Based on a questionnaire compiled by the ADL to gauge anti-Semitic sentiments, the group now believes that 10%–12% of Americans are “infected with anti-Semitic attitudes.” Most widespread are the notions that Jews killed Christ and that American Jews are more loyal to Israel than to the United States.
“In the U.S. we’ve reached bottom,” Foxman said, referring to the low level observed in polls, “but you cannot ignore that. Every single day we see cases of anti-Semitism around this country. Every single day.”
Today, the ADL views the African-American and Latino communities as the key pockets of anti-Semitism in America. Surveys have shown prejudicial attitudes toward Jews to be more prevalent in these minority communities than in the broader American population. While the Latino community, according to Foxman, is more open to dealing with the problem and is showing signs of improvement among second-generation immigrants, there is no progress within the African-American community.
According to the ADL, anti-Semitic sentiments among African Americans remain at a level of 30%–40% while in the general populations rates have dropped to a third of that.
“The problem in the African-American community is serious, and it is hard to do something because there is no leadership,” Foxman said. “If you don’t have role models standing up to condemn it, it is hard to deal with it.”
Hilary Shelton, Washington bureau director and senior vice president for advocacy and policy of the National Association for the Advancement of Colored People, pronounced himself “a little taken aback” by Foxman’s comments.
“I’m not sure where this is coming from,” he said in response. Shelton said he did not come across anti-Semitic incidents in his community, and that his organization and others speak out frequently against “anything that is disrespectful toward Jews.”
Foxman pointed to the continuing attraction exerted by Nation of Islam leader Louis Farrakhan, with his long record of anti-Semitic remarks, over large numbers of blacks. “I don’t know of any other African-American leader who can gather a crowd of 20,000,” he said. “Jesse Jackson, Al Sharpton — they are not there on this issue.”
The ADL’s second front on battling anti-Semitism is the Internet, which Foxman terms a “godsend for the bigots.” It is also the topic of a new book Foxman co-authored, “Viral Hate,” scheduled for publication in June. The ADL views the Internet as its major challenge for the next 20 to 30 years and is focusing much of its effort on exposing and confronting those spreading hatred under the mask of anonymity provided by the Web. It is this anonymity, the ADL believes, that allows racists to disseminate their views without paying the societal price for bigotry.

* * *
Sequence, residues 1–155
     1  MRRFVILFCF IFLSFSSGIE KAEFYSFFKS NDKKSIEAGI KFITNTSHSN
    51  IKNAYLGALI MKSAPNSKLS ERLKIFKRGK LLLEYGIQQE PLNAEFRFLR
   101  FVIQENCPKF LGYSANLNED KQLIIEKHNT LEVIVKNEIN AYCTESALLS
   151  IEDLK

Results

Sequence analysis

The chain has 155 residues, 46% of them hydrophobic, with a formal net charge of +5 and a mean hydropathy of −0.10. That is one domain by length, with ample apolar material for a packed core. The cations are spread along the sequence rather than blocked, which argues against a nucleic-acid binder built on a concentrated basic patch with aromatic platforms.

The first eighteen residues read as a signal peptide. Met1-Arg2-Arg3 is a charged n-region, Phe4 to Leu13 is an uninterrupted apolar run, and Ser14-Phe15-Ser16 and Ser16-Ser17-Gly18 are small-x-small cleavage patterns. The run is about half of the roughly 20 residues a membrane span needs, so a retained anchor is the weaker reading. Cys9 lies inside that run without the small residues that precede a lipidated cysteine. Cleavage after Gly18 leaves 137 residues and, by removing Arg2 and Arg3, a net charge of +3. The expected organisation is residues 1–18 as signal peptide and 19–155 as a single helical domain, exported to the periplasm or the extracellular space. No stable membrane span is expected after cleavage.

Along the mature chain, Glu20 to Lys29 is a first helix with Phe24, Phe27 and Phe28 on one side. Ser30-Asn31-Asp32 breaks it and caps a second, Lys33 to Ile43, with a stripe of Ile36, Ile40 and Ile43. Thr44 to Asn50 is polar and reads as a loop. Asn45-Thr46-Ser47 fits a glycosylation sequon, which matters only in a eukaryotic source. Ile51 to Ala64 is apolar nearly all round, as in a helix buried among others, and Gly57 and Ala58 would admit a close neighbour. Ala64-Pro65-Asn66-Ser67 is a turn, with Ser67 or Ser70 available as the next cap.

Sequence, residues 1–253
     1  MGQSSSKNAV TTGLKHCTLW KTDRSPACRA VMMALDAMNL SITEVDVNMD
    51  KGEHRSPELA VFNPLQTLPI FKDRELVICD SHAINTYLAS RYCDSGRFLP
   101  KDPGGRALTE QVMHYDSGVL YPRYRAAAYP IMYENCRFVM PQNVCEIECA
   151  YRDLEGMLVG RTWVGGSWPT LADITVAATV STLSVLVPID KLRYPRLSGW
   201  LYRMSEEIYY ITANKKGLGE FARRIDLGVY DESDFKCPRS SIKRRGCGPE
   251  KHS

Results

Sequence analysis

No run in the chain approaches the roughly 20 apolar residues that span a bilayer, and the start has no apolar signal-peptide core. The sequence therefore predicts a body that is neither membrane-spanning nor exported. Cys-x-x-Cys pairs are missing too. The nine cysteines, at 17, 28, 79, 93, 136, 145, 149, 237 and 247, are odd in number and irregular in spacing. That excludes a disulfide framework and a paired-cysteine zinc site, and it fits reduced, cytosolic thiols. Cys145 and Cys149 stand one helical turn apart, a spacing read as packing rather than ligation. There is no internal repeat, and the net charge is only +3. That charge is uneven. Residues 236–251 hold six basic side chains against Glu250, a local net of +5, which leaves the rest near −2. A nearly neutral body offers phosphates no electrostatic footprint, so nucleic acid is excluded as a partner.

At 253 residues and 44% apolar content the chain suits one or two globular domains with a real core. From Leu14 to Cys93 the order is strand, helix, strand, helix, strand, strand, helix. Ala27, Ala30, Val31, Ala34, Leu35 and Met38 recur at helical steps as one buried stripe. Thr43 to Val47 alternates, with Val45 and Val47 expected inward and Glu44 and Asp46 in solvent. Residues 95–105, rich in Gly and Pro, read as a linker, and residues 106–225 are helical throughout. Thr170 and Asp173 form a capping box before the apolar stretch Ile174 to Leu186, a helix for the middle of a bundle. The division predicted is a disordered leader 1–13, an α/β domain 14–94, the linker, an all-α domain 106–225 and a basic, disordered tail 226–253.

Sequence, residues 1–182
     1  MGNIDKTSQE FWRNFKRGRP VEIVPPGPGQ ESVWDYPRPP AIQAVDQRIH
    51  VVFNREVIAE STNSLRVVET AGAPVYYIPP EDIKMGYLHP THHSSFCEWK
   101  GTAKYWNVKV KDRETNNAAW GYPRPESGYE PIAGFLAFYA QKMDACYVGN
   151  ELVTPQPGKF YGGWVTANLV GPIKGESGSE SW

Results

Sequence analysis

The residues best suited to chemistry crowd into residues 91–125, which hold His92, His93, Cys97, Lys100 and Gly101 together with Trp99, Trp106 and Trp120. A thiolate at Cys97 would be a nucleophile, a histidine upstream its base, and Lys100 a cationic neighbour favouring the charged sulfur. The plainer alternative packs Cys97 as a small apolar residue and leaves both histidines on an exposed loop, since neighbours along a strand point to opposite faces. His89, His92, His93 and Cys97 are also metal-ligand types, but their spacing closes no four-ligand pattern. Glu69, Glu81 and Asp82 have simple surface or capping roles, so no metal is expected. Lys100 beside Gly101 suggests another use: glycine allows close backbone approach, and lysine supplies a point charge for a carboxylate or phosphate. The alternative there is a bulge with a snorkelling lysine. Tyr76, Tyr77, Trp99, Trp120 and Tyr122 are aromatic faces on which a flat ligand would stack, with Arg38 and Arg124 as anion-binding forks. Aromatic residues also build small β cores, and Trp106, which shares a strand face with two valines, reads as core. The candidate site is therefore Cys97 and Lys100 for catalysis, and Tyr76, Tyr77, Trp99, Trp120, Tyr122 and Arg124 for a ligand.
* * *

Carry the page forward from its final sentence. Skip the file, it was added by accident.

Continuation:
The ADL’s domestic civil rights advocacy, including its support for lesbian, gay, bisexual and transgender rights; its anti-bullying activity, and its sensitivity training sessions for ethnic and religious diversity, may take up the lion’s share of its budget and time. But increasingly, it is the group’s outspoken support for Israel that draws public attention.
Foxman is willing to address some of Israel’s domestic inequalities, including its lack of religious pluralism for Jewish denominations. But he has consistently refused to discuss Israel’s human rights record when it comes to the Jewish state’s treatment of Palestinians in the West Bank.
“We don’t see occupation as a violation of civil rights,” he said in an interview, adding that claims of abuses are used “as a club against Israel and [are] clothed in apartheid civil rights.”
The ADL, like other membership-based national Jewish organization, is struggling to find its way forward financially these days. The group is slowly recovering from a drop in donations following the 2008 financial downturn and has begun rehiring after a period of layoffs. But it still faces an uphill battle in convincing Jewish Americans to support an all-in-one group that deals with a variety of issues, from Israel to civil rights.
Such groups once formed the backbone of American Jewish life. But today, single-issue organizations such as the American Israel Public Affairs Committee and J Street are thriving, while the ADL and similar organizations are working hard to find their footing.
“The community is polarized, and therefore moderate positions are not welcomed, nuanced positions are not welcomed,” Foxman said. He nevertheless evinced optimism that American Jews will eventually return when they understand that “hard-line positions will not carry the day.”
As for his own plans, Foxman, already accustomed to being questioned on how long he’ll remain at the group’s helm, quickly pulled out one of his one-liners that have made him a media favorite. “Whenever I find something else to do, I’ll let you know,” he replied.
Forward assistant managing editor Larry Cohler-Esses contributed to this story.
Contact Nathan Guttman at email@example.com or on Twitter, @nathanguttman.